Foolish, or just what former employee Shay Pierce deserved?
You certainly can't blame OMGPOP CEO Dan Porter for being excited and borderline irrational. Publishing giant Zynga had just purchased his development company and its hit title Draw Something for a cool $180 million. In between popping champagne corks and getting into money fights, the odds of him to saying something colorful were extremely high. All he needed was a trigger in the form of former employee Shay Pierce, who posted an article on Gamasutra admitting he had no regrets turning Zynga's personal offer down, which led to Porter firing back on Twitter with:
"The one omgpop employee who turned down joining Zynga was the weakest one of the whole team. Selfish people make bad games. Good riddance."
"What's so interesting about success is the number of failures who try to ride on your back. Shay Pierce is just one of many..."
Now to his credit, Porter apologized on Twitter instead of claiming his account was hacked like so many professional athletes seem to do, but the damage was clearly done. Instead of appearing like a humble guy that managed to close a huge deal in a time that sees regular layoffs, he came off, well, like a stereotypical CEO.
"I think Twitter is a loaded gun and CEO's should resist aiming it at their heads," said Paul O'Connor, Brand Director at Appy Entertainment. "Dan Porter probably wishes he could take it back. He just sold his company for a pile of cash and he should be taking a victory lap instead of wrestling around on Twitter with people. All he did was extend a non-story by another 48 hours."
Mighty Rabbit Studios' Ben Moore somewhat agrees, though he also feels Pierce should have kept personal feelings within the team.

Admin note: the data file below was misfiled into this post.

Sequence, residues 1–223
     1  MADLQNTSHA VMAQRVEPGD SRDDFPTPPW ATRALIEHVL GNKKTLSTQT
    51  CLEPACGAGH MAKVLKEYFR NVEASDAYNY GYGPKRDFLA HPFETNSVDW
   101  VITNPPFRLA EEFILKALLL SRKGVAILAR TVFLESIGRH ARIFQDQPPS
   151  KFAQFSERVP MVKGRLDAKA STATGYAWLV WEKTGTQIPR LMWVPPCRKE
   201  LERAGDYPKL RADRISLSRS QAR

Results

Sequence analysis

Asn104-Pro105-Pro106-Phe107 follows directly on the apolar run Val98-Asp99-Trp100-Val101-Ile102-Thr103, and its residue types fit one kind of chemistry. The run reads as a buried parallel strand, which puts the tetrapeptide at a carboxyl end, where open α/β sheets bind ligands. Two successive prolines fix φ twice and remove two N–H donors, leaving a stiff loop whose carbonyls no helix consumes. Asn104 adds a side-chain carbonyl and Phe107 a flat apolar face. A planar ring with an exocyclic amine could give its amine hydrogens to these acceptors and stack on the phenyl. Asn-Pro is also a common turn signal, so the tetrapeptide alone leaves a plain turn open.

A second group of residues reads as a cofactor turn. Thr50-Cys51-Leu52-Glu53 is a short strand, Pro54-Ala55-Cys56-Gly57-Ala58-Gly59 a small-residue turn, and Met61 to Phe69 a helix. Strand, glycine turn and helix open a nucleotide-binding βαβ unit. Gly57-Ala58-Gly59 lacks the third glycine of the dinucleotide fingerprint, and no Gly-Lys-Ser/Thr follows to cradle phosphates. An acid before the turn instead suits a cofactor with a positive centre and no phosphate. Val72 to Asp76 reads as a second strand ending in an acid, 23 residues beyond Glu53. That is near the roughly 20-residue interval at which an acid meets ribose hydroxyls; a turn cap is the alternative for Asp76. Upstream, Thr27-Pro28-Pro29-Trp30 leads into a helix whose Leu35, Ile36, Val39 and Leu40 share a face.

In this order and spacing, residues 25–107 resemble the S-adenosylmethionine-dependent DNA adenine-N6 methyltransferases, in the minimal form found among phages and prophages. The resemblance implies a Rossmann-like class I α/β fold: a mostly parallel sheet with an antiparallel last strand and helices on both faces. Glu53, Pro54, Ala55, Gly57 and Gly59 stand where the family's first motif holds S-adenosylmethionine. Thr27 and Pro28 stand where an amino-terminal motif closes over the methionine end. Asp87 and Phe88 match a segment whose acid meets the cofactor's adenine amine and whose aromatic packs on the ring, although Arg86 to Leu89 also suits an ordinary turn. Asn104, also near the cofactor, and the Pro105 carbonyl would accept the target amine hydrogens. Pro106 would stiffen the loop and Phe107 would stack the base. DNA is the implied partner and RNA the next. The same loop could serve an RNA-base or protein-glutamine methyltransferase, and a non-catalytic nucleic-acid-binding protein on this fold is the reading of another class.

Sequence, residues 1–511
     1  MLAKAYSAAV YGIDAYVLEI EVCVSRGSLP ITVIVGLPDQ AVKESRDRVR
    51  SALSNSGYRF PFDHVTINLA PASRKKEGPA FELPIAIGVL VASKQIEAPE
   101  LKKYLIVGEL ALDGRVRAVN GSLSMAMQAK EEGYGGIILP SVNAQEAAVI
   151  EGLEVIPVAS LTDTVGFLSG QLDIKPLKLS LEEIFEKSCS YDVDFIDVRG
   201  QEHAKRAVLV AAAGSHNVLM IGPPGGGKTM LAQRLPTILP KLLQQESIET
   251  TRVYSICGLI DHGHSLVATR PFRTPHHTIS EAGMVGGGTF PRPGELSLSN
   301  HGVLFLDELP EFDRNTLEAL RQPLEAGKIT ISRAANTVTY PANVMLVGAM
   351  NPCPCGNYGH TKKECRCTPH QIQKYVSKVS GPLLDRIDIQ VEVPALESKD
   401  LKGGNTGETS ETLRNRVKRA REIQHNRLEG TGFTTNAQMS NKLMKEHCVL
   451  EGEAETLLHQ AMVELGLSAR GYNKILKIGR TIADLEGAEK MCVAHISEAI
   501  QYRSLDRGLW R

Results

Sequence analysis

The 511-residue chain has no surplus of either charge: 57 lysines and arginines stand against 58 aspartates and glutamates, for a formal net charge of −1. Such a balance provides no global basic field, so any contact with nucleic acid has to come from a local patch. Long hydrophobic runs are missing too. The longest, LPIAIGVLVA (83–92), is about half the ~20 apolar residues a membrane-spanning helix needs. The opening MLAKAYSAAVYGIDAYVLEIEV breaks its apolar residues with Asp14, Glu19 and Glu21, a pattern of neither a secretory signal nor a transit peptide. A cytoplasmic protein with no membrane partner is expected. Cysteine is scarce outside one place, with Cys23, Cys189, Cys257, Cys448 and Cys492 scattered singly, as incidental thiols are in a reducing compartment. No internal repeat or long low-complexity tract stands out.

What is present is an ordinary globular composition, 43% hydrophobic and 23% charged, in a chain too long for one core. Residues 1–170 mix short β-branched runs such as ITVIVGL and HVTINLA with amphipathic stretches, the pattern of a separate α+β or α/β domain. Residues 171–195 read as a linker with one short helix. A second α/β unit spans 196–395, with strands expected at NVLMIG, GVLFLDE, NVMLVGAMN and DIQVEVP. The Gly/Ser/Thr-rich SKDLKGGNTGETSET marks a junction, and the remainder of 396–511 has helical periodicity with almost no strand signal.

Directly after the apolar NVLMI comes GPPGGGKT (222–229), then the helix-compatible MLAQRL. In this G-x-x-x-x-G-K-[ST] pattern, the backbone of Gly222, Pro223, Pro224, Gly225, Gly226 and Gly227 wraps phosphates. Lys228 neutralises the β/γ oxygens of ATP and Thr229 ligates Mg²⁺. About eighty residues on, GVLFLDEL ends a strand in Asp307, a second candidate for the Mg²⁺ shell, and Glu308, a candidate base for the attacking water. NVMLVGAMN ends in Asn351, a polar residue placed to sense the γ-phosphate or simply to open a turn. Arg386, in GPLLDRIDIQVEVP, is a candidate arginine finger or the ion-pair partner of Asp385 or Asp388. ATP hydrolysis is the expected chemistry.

"I think what the CEO had to say was emotionally fueled by the bond that typically should exist amongst team members for a smaller development house," he said. "Pierce breaking out from the team and speaking on his own behalf without consideration for the image it may reflect for his company was certainly selfish, although I feel Porter didn't handle the situation as professionally as someone in his position should have. This should be a lesson to developers of how not to respond with issues that should be handled internally and not through social media or general press."
That said, not everyone feels Porter should haven taken the high road.
"Shay Pierce is entitled to his opinion, but so is Dan Porter," said Ed Del Castillo, Founder and President of Liquid Entertainment. "In the past, company leaders have held their tongues for the sake of professionalism, but with the rise of Twitter and the 'Text of Passion', that's changing. You can't expect someone who feels punched in the face to not step up and punch back."
PlayScreen's William Volk also feels Pierce fired the first instigative shot.
"Shay Pierce believed in his game and wanted to keep on working and promoting it. I can also see why Zynga, who just forked over $180M in cash for OMGPOP, may not want to have employees working on outside products. It's understandable that Shay decided to leave for that reason. But doing what he did in the Gamasutra piece just wasn't professional."
Finally, Halfbrick CEO Shainiel Deo chimed in.
"Everyone has a right to make their own choices with respect to their career and values," he said. "It can be disappointing when someone doesn't agree or follow your own and speaks out about it, so I can understand Dan's outburst, inexcusable as it is. Whenever someone leaves Halfbrick, we always part amicably and wish each other well in pursuing our divergent paths."
Taking all of this into account, we may never know how Zynga handled the situation, if at all. We'd like to think CEO Mark Pincus had a talk with Porter about outbursts having a negative effect on consumer opinion. I already know someone planning to boycott Draw Something, specifically because of Porter's comments.
Bottom line, Porter had a right to respond, just not in the way he did. With the $180 million sale complete, he should have kept it classy.
On a much lesser note, Dan proudly supports the NFL's Philadelphia Eagles, and as a devoted New York Giants fan, he and I will never see eye to eye.